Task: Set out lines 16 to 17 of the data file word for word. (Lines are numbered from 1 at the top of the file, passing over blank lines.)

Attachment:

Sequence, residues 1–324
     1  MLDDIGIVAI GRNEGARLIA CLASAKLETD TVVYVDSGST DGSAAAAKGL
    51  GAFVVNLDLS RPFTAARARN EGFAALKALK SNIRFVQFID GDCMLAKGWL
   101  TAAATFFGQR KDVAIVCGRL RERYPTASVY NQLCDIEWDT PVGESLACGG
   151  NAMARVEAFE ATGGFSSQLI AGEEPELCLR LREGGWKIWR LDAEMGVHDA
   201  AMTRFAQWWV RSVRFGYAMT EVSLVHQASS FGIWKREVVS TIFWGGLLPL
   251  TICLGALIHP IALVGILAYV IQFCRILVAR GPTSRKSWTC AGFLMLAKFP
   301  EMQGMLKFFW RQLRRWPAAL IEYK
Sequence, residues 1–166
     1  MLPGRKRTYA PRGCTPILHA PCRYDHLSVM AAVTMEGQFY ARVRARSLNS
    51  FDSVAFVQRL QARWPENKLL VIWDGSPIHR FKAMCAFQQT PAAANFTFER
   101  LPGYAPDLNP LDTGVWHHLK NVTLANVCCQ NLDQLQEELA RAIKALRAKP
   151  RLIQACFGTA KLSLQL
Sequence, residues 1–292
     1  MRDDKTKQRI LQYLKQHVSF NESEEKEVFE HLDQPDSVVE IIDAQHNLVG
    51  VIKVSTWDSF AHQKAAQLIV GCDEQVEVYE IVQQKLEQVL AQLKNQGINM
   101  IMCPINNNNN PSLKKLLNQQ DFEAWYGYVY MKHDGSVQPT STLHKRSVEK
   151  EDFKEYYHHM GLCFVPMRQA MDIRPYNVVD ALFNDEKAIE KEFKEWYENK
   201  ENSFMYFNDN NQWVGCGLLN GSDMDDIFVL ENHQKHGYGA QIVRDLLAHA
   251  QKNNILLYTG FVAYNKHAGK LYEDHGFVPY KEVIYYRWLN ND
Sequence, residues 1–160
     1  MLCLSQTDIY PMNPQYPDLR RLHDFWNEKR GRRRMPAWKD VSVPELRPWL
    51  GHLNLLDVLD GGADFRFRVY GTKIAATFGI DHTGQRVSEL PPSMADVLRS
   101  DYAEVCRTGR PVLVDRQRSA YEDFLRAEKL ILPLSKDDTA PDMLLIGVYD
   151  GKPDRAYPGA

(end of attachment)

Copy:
    51  VIKVSTWDSF AHQKAAQLIV GCDEQVEVYE IVQQKLEQVL AQLKNQGINM
   101  IMCPINNNNN PSLKKLLNQQ DFEAWYGYVY MKHDGSVQPT STLHKRSVEK